First the model of the single inverted pendulum was considered using the above
definitions and considering the 3
rd
link as an extension of the 2
nd
. First consider the free
body diagram of the horizontal (driven) link. (Figure 4.2)
Sum the moments about the centre of rotation,

& &
J M =
1 . 4 n
1 1 1 1 1
Equation b L J
& & &
=
Where variables are defined as follows:
M: Moment positive anti clockwise.
J: Moment of inertia.
J
i
: Moment of inertia of link i.

& &
: Angular acceleration.

& &
i
: Angular acceleration of link i.

&
i
: Angular velocity of link i.

i
: Angular displacement of link i.
23

b
i
: Viscous damping of pivot for link i.
n: Force as shown in Figure 4.2.

n
p
Figure 4.2 Free body diagram of horizontal link
Now consider the free body diagram of the pendulum link (un-driven). (Figure4.3)
Summing forces in the horizontal direction we get,
ma F =
2 . 4 sin
cos n
2
2
2 2 2
2 2 2 2 2 1 1
Equation l m
l m m L


&
& & & &

+ =

Where variables are defined as follows:
F: Force.
n: Force as shown in Figure 4.2.
p: Force as shown in Figure 4.2.
m: Mass.
m
i
: Mass of link i.
24

a: Acceleration.
L
i
: The length of link i.
l
i
: The length from the center of rotation of link i to its center of mass.

p
n
Rotational
Acceleration
Centripetal
Force
Gravity
Force
Linear
Acceleration
Figure 4.3 Free body diagram of pendulum link
Now if forces are summed perpendicular to the pendulum link the result is,
3 . 4 cos sin g sin p cos n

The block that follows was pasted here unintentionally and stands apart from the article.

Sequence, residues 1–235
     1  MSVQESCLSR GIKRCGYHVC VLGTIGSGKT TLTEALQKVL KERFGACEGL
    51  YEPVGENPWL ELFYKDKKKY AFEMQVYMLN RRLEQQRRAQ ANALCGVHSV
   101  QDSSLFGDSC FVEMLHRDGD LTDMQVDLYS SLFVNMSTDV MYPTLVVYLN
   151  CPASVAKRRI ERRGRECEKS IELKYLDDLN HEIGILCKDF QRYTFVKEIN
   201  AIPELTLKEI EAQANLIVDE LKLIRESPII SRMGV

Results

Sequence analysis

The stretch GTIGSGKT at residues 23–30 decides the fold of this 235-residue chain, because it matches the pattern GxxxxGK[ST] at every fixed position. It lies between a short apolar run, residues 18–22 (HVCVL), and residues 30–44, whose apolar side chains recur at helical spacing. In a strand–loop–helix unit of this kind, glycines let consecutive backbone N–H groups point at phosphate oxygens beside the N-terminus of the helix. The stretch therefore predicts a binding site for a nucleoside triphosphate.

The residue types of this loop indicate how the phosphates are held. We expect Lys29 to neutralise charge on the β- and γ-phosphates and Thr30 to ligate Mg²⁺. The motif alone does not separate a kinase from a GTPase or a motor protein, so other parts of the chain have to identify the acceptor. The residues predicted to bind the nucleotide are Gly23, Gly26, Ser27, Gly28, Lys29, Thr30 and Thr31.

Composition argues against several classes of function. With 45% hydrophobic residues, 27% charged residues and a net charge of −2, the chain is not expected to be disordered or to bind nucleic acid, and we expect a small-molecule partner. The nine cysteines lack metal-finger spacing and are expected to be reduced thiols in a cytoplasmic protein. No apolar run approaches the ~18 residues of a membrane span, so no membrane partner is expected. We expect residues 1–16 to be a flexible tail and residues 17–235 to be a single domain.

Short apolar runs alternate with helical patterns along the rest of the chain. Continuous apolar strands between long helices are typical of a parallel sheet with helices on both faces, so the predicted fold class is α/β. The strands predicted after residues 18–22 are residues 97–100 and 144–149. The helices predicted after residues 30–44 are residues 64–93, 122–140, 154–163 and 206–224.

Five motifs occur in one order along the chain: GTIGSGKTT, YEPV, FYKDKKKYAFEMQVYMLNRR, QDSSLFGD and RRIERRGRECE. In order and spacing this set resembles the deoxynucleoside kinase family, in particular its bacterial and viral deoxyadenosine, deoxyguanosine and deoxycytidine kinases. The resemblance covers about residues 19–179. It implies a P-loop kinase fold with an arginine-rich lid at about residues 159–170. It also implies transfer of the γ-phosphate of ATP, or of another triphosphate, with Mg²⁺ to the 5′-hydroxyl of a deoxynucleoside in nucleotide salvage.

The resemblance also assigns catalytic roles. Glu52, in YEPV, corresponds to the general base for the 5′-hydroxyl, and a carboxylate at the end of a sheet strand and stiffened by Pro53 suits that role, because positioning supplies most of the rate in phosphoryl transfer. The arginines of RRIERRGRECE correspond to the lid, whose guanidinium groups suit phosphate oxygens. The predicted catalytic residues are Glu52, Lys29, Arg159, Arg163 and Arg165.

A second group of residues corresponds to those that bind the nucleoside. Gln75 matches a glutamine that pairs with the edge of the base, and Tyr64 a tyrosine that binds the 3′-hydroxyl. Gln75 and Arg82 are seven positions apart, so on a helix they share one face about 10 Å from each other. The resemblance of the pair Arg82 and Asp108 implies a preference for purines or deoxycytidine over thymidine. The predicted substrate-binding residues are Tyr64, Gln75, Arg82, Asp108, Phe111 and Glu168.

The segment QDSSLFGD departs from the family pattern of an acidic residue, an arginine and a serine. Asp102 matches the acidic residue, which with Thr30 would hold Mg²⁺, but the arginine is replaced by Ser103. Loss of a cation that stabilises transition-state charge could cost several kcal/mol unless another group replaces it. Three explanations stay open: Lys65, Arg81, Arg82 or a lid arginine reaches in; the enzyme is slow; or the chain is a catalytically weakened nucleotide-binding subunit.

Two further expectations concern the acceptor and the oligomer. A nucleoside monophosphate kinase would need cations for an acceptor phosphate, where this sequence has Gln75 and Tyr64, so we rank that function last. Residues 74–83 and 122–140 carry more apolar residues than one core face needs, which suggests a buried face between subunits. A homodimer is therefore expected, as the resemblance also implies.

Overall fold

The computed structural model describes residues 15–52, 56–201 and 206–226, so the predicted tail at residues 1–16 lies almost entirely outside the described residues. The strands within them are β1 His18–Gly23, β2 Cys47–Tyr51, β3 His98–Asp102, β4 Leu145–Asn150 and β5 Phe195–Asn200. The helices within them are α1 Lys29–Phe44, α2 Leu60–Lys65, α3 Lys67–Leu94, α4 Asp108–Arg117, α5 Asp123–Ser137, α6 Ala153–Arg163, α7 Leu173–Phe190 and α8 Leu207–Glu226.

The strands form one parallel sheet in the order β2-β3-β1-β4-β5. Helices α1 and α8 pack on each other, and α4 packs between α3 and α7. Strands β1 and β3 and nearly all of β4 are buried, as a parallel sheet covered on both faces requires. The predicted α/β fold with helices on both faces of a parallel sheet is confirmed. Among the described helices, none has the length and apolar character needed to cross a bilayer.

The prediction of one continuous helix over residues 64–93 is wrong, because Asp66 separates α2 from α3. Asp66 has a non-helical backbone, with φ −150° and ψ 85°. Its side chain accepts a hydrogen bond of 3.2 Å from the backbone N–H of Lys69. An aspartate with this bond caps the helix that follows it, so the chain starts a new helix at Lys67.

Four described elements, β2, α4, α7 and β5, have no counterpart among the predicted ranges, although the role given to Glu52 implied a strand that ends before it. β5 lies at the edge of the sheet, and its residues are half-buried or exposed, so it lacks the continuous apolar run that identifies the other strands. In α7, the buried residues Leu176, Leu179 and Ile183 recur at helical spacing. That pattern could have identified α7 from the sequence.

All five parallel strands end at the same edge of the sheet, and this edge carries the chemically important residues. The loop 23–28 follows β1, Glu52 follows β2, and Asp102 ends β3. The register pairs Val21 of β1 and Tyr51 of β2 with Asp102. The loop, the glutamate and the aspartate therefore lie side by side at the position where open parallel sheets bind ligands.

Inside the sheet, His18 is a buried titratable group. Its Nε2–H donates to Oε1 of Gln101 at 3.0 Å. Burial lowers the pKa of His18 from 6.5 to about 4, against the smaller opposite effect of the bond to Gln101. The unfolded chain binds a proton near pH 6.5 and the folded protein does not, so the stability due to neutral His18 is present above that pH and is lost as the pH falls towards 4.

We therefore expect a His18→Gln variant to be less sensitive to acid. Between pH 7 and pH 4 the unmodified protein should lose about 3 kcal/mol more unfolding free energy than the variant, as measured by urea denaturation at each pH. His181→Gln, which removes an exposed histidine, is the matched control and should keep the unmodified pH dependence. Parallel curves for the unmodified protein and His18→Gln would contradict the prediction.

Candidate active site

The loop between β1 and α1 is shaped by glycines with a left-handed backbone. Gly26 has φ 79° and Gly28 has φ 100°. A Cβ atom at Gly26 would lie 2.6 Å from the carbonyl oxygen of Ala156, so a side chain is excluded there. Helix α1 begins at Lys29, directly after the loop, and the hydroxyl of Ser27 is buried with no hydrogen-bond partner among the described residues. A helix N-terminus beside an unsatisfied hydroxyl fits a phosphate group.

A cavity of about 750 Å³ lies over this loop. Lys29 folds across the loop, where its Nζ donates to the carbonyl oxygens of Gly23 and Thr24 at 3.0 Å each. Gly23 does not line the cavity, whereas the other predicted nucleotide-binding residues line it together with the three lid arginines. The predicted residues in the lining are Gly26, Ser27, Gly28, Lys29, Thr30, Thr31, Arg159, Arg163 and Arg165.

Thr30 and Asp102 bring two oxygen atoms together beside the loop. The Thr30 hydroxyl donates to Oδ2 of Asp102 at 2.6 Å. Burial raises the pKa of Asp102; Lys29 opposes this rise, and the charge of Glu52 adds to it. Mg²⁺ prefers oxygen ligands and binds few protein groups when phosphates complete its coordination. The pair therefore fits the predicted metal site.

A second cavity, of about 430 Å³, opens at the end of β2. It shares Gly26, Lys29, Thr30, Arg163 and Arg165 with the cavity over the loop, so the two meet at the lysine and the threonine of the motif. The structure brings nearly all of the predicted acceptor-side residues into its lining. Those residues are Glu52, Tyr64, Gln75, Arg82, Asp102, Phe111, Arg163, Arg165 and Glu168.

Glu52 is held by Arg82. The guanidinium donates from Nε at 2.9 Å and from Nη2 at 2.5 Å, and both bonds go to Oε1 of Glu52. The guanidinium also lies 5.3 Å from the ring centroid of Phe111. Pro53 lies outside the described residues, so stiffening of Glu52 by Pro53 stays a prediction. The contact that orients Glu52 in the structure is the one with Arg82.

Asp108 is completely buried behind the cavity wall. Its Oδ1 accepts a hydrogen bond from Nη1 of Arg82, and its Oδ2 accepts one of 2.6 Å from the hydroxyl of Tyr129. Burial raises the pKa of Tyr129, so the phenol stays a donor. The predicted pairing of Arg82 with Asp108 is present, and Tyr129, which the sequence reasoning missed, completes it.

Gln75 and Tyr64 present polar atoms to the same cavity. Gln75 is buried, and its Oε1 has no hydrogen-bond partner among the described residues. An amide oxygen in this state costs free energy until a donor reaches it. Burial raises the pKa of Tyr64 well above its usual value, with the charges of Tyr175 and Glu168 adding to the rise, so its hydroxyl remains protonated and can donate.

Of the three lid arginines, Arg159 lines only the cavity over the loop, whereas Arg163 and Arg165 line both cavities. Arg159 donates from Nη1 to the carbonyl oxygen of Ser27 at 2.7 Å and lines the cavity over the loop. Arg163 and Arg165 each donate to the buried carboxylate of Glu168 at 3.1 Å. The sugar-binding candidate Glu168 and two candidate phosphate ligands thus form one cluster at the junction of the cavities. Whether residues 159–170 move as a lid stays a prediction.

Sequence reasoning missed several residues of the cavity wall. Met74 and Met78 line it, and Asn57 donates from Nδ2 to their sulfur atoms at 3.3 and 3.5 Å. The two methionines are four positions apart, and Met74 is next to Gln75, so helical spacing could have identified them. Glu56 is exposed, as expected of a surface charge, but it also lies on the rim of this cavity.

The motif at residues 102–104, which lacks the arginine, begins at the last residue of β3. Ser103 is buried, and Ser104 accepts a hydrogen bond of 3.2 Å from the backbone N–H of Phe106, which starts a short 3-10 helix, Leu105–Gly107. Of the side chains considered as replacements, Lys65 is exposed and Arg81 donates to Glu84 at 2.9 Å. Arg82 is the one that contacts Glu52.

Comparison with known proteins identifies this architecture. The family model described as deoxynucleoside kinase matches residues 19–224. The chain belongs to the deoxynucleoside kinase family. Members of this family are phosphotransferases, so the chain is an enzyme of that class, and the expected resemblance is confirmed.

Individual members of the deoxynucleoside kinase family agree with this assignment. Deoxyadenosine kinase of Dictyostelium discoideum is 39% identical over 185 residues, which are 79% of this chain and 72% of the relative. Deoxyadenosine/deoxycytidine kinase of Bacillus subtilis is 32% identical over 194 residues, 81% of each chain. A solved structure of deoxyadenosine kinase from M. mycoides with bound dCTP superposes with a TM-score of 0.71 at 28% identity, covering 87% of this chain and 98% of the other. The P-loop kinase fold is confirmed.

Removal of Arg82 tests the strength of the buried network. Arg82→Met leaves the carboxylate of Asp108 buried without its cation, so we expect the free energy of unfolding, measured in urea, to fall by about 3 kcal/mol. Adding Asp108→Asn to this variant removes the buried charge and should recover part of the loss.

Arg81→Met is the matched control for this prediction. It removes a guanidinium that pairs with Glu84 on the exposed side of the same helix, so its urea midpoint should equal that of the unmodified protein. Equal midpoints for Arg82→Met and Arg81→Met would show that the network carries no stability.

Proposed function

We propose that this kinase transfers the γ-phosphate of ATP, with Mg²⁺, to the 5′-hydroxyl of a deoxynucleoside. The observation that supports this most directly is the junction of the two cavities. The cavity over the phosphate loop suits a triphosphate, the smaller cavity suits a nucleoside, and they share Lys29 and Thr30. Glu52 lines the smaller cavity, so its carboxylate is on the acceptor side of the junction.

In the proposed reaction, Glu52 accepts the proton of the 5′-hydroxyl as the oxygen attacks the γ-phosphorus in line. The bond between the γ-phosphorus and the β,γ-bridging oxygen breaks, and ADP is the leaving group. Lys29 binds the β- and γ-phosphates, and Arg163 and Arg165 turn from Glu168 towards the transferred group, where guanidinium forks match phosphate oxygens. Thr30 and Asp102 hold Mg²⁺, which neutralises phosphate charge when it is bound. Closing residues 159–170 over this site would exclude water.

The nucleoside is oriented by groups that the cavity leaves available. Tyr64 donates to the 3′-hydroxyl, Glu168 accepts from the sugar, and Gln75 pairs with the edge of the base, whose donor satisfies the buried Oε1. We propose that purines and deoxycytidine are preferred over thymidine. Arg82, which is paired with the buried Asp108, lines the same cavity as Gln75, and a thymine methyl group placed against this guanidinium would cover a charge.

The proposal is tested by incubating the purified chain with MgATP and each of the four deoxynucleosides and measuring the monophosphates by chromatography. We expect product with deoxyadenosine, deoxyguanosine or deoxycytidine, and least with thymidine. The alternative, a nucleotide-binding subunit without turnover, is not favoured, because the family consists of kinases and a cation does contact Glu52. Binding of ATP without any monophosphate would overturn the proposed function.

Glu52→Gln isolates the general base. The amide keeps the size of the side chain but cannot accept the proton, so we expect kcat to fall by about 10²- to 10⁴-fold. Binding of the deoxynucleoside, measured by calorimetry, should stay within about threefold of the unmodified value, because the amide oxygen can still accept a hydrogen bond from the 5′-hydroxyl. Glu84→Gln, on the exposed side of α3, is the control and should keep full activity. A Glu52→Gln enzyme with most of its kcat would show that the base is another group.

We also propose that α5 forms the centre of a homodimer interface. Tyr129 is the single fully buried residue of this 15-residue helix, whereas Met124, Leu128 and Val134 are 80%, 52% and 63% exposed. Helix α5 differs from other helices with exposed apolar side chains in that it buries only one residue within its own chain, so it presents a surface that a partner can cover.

2 1 1 2 2 2 2 2 2 2 2
Equation L m l m m
& & & &
+ =
Summing moments about the pendulum centre of mass yields,
4 . 4 cos n sin p
2 2 2 2 2 2 2 2
Equation b l l J
& & &
=
If Equation 4.3 is multiplied by l
2
and the result added to Equation 4.4, the result is,
5 . 4 cos sin g ) (
) cos sin g (
) cos n sin p (
) cos sin g sin p cos n (
2 1 1 2 2 2 2 2 2 2 2
2
2 2 2
2 2 2 1 1 2 2 2
2
2 2 2 2 2 2 2
2 2 2 2 2 2 2 2
2 2 1 1 2 2 2 2 2 2 2 2
Equation L l m b l m J l m
to simplified be can This
J L l m l m b l m
J b l l
l L m l m m




& & & & &
& & & & & & &
& & &
& & & &
= +
+ + = =
= +
+ =

25

If Equation 4.2 is substituted into Equation 4.1 the result is,
6 . 4 ) sin cos ( ) (
) sin cos (
1 1 2
2
2 2 2 1 2 2 2
2
1 1 1
1 1 1 2
2
2 2 2 2 2 2 2 2 1 1 1 1
Equation b L l m m L J
to simplifies which
b L l m l m m L J


& & & & & &
& & & & & & & &
= +
+ =

Equations 4.5 and 4.6 are the coupled non-linear equations for the single rotary pendulum
system.
4.2.2 Mathematical Model of the Double Inverted Pendulum
The derivation of the mathematical equations describing the dynamics for the double
rotary pendulum system took a different approach to the single rotary pendulum. The
Euler Lagrange approach was used due to significant mathematical simplifications.
The Lagrangian is defined as the difference between Kinetic and Potential Energy and is
used with the Euler Lagrange equation as follows.
7 . 4 Equation Lagrangian The P K L =
8 . 4 , ) ( Equation Equation Lagrange Euler The Q
q
L
q
L
dt
d
q
=

&

Where,
K is the kinetic energy of the system.
P is the potential energy of the system.
Q
q
are the generalized forces.
q are the generalized coordinates.
26

For the double inverted rotary pendulum,